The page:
U.S. Bankruptcy Court

United States Bankruptcy Court in Riverside

By Ryan Hagen, San Bernardino Sun
Posted: 10/14/16 – 7:38 PM PDT |

RIVERSIDE >> The city of San Bernardino entered the final stage of its bankruptcy case Friday in U.S. Bankruptcy Court, with a confirmation hearing the city and its thousands of creditors have awaited for more than four years.

The weight of the moment was apparent in the hearing, the first in a series that city officials expect will culminate in the city no longer being bankrupt by about March.

For the first time since shortly after the first bankruptcy hearing, in August 2012, nearly every seat in the courtroom was taken — half the room with San Bernardino’s attorneys, consultants and officials, the other half with attorneys who at various points challenged the city’s plans.

That plan, which includes paying certain creditors only one cent for every dollar they’re owed, was for the most part tentatively confirmed Friday.

“This is a momentous day,” U.S. Bankruptcy Judge Meredith Jury said.

Jury ruled the city had met most of its requirements already and added that she does “not think the city should worry” that she won’t confirm the rest at a later hearing.

Jury reserved judgment on two substantial issues, which are related. One regards a major dispute between the city and the Big Independent Cities Excess Pool, which provides liability coverage for the city, and the other concerns possible lawsuits involving individual employees such as police accused of excessive force.

Those issues will be addressed beginning Nov. 15.

Paul Glassman, the city’s bankruptcy attorney, took a moment at the beginning of the hearing to mark the milestone of the first confirmation hearing.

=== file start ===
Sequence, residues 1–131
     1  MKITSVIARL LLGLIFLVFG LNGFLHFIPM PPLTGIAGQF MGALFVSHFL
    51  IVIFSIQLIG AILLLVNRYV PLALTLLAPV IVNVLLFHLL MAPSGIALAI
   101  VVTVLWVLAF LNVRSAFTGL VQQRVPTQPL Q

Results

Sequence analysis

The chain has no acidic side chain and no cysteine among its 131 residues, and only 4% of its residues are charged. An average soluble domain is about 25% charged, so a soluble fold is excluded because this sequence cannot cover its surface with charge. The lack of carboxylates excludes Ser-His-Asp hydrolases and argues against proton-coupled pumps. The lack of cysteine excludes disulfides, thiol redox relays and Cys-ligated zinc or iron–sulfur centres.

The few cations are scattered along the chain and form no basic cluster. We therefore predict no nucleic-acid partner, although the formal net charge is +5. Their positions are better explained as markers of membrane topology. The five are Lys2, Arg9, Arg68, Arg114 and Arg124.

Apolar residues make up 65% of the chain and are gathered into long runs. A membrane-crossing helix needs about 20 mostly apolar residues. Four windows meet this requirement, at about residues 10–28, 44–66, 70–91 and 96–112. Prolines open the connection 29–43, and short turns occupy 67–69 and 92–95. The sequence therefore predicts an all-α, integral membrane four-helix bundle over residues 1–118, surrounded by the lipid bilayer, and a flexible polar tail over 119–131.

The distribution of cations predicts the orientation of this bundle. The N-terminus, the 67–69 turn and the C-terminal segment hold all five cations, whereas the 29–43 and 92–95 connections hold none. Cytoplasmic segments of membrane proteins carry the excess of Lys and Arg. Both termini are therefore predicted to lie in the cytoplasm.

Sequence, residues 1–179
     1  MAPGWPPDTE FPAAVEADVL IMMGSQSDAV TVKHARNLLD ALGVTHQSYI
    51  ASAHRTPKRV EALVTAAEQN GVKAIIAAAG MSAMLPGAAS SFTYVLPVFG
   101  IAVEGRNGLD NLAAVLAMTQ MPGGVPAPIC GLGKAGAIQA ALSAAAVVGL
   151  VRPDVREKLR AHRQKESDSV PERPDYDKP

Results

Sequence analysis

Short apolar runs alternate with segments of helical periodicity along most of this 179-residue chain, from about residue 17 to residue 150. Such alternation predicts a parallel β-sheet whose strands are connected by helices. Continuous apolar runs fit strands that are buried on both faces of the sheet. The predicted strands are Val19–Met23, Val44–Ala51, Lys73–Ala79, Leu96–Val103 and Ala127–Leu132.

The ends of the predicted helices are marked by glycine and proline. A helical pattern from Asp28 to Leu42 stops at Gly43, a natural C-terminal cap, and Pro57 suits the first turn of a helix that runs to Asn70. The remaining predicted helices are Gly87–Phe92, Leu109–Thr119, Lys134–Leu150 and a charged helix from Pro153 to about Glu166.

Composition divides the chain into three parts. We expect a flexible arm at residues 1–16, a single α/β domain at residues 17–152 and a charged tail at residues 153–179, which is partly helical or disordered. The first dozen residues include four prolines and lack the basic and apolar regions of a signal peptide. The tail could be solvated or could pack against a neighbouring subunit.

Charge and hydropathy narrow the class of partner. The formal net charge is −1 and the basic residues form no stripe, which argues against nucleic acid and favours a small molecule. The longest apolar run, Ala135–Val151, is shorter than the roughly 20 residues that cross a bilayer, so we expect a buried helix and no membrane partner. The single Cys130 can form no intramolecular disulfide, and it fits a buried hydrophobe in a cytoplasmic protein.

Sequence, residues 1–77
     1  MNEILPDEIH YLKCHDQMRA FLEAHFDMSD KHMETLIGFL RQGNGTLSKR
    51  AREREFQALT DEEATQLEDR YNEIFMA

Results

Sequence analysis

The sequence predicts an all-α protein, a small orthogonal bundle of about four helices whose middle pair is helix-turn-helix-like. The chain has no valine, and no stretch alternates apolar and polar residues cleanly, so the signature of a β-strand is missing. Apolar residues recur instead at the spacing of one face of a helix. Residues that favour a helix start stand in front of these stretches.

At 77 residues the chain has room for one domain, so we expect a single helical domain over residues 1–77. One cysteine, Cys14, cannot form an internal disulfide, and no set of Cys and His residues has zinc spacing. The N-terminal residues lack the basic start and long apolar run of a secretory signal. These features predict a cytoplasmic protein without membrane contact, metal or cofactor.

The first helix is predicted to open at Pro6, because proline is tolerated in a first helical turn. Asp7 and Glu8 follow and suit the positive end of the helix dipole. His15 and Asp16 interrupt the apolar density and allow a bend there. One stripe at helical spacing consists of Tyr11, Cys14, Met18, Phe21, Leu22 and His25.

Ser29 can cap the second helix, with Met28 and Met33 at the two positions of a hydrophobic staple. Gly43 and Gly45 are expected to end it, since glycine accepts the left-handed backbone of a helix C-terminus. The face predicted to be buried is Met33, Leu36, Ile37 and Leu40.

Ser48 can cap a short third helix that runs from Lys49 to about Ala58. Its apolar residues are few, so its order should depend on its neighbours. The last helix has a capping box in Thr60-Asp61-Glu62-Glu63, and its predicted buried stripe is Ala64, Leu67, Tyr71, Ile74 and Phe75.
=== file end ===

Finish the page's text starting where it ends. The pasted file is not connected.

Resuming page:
“The very first hearing in this case back in August of 2012, I told the court that the day that the city entered Chapter 9 (bankruptcy) was a solemn day,” he said. “But since that day the city has come a long way down a difficult path and has made great strides forward, thanks to the efforts of a number of people, many of whom are in the courtroom today.

“I can now say that today is a promise and hope for a better future for the city.”

Jury praised the city for its progress and said she was convinced by the city’s financial models and declarations to show it could not afford to pay more than 1 percent of its debts to unsecured creditors, and she quickly ruled that the plan was feasible — since no one submitted arguments objecting to that.

“Surprisingly, your honor, the aspect of a bankruptcy case that’s most often disputed is not disputed in this case,” Glassman said, regarding the plan’s feasibility.

The 1 percent payout didn’t sit well with attorney Duane Folke, who appeared in court Friday for the first time on behalf of Paul Triplett.

Another court determined that Triplett was entitled to $7.7 million after San Bernardino police in 2006 broke Triplett’s jaw, arm, ribs, leg, ankle and foot, leaving him comatose for three days, according to Folke.

As an unsecured creditor, Triplett would get $77,000 under the city’s plan.

“My client, unfortunately, given the fact that he’s facing blindness, cannot accept the settlement as it stands,” Folke said, showing the judge a poster-size photo of Triplett’s wounds.

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